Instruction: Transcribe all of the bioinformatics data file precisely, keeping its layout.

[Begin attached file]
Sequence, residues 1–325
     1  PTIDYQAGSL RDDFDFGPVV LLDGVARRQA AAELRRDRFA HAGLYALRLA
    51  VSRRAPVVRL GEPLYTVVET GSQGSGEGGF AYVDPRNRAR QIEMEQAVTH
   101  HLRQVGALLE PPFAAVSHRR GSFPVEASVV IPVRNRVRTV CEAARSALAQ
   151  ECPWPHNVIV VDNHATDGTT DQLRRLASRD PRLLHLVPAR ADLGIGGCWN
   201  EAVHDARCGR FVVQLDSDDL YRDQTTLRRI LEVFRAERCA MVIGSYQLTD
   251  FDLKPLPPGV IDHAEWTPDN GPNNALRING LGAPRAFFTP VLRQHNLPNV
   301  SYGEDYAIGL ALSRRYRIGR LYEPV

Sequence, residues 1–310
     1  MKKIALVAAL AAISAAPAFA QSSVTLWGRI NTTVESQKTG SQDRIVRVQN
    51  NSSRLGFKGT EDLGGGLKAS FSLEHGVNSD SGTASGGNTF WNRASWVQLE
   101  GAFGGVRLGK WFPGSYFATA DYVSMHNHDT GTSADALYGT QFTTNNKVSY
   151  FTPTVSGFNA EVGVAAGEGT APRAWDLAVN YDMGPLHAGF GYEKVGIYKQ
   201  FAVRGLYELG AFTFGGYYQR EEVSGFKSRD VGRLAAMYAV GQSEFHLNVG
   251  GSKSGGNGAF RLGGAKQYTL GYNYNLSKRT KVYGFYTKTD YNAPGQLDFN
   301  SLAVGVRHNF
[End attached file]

Sequence, residues 1–325
     1  PTIDYQAGSL RDDFDFGPVV LLDGVARRQA AAELRRDRFA HAGLYALRLA
    51  VSRRAPVVRL GEPLYTVVET GSQGSGEGGF AYVDPRNRAR QIEMEQAVTH
   101  HLRQVGALLE PPFAAVSHRR GSFPVEASVV IPVRNRVRTV CEAARSALAQ
   151  ECPWPHNVIV VDNHATDGTT DQLRRLASRD PRLLHLVPAR ADLGIGGCWN
   201  EAVHDARCGR FVVQLDSDDL YRDQTTLRRI LEVFRAERCA MVIGSYQLTD
   251  FDLKPLPPGV IDHAEWTPDN GPNNALRING LGAPRAFFTP VLRQHNLPNV
   301  SYGEDYAIGL ALSRRYRIGR LYEPV

Sequence, residues 1–310
     1  MKKIALVAAL AAISAAPAFA QSSVTLWGRI NTTVESQKTG SQDRIVRVQN
    51  NSSRLGFKGT EDLGGGLKAS FSLEHGVNSD SGTASGGNTF WNRASWVQLE
   101  GAFGGVRLGK WFPGSYFATA DYVSMHNHDT GTSADALYGT QFTTNNKVSY
   151  FTPTVSGFNA EVGVAAGEGT APRAWDLAVN YDMGPLHAGF GYEKVGIYKQ
   201  FAVRGLYELG AFTFGGYYQR EEVSGFKSRD VGRLAAMYAV GQSEFHLNVG
   251  GSKSGGNGAF RLGGAKQYTL GYNYNLSKRT KVYGFYTKTD YNAPGQLDFN
   301  SLAVGVRHNF